Mary Bacon, Michéal Richardson and Talene Monahon Photo by Spencer Moses
You would think that Maine would be so far off the beaten path that they would have little drug trafficking or substance abuse, however drug addiction is prevalent in Maine. Over the years, pharmaceutical drugs have been in the news in Maine, especially prescription opioid addictions .
Nature’s first green is gold,
Her hardest hue to hold.
Her early leaf’s a flower;
But only so an hour.
Then leaf subsides to leaf.
So Eden sank to grief,
So dawn goes down to day.
Nothing gold can stay.
Chad Beckim’s Nothing Gold Can Stay, named after the Robert Frost poem, shows a slice of life dealing with this addiction and the ramifications it has on a family.
High school sweethearts Jess (Talene Monahon) and Clay (Michéal Richardson, son of Liam Neeson and Natasha Richardson, making his New York stage debut), are being separated, as Clay leaves to go to college. Jess, is brighter than Clay, and wanted to go to college, but is dealing with an abusive stepfather and a mother who does not protect her. Her mother didn’t even go to her daughter’s graduation. Jess will be living with Clay’s single mom, Susan (Mary Bacon), as he leaves. His sister Tanya (Adrienne Rose Bengtsson), has gotten Jess a job in a chicken factory. By the time Clay comes home from his first break, Jess is already on a downward spiral. Her self-destructive behavior has Susan calling Jess’s brother Jamie (Peter Mark Kendall), to take Jess to rehab. No sooner out of rehab, Jess’s manipulated behavior sucks in Clay, as he pays the ultimate price for loving her.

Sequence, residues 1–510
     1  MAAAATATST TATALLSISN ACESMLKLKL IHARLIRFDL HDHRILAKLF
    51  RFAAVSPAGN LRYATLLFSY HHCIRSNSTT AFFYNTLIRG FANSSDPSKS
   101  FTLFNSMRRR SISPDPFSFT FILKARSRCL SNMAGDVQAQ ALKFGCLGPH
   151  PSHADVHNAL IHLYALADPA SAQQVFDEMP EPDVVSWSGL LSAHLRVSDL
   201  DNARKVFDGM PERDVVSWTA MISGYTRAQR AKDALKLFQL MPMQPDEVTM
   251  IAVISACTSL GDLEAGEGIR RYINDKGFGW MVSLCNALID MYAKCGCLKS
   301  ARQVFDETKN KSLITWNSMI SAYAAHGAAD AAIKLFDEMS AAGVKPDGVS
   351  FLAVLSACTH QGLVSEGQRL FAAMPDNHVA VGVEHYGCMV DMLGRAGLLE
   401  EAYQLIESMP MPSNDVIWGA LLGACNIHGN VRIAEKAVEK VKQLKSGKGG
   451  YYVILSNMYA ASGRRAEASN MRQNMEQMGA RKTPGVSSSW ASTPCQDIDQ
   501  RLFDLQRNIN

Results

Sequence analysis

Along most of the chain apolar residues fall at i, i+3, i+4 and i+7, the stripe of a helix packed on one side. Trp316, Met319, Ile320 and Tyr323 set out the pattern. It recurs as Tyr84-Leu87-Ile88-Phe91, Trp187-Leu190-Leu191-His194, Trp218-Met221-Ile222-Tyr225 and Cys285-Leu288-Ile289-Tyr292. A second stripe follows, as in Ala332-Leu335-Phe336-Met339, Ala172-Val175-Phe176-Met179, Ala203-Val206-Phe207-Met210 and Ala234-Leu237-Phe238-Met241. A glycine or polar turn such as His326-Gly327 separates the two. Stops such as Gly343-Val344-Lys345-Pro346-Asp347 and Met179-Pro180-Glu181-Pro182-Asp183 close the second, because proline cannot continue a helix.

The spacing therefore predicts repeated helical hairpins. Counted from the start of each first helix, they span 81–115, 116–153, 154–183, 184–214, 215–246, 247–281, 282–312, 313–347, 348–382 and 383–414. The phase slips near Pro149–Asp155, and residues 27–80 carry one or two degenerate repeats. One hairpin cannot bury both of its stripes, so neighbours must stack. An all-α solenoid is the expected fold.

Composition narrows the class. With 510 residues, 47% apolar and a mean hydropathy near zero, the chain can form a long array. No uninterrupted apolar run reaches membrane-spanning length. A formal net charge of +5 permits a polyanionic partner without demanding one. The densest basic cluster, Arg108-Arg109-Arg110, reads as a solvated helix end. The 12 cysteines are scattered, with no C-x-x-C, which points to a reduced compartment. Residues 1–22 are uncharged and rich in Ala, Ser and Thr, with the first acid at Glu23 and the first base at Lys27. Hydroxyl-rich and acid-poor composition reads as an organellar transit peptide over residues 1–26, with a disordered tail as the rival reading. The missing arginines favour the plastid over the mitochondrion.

Michéal Richardson gives a delicately layered performance as Clay, but we do not see why he is so sucked in by her. That scene somehow is missing. Talene Monahon is the epitome of a girl bent on a life of escapism. We never feel sorry for her because she is so self destructive. Adrienne Rose Bengtsson adds wit and humor and another side of self destructive behavior. We root when she finally gets together with Jamie. Peter Mark Kendall, allows us to see there are good guys in this world. Mary Bacon, is the heart and the soul of this play. Her arc lets us see Susan’s forgiveness and unconditional love turn to pain and betrayal. We ache for her character.
Shelly Butler’s direction brings out the best in her cast. The set design by Jason Sims allows the small space to take us inside this world. Karen Spahn’s lighting design keeps us in the fractured lives of this community.
Beckim’s writing captures the struggles of this community with a little bit of humor. These people may not have much and are living to make ends meet, but we see the tiny moments of pleasure they have playing card games. What Beckim doesn’t show us is why Clay ditched his life. One moment he is ready to leave and the next he is a hard core junkie. How did this happen?
Nothing Gold Can Say shows us the crisis in America in this gut wrenching play.
Nothing Gold Can Say: Partial Comfort Productions at The Jeffrey and Paula Gural Theatre at The A.R.T./New York Theatres, 502 West 53rd St. until Oct. 26th.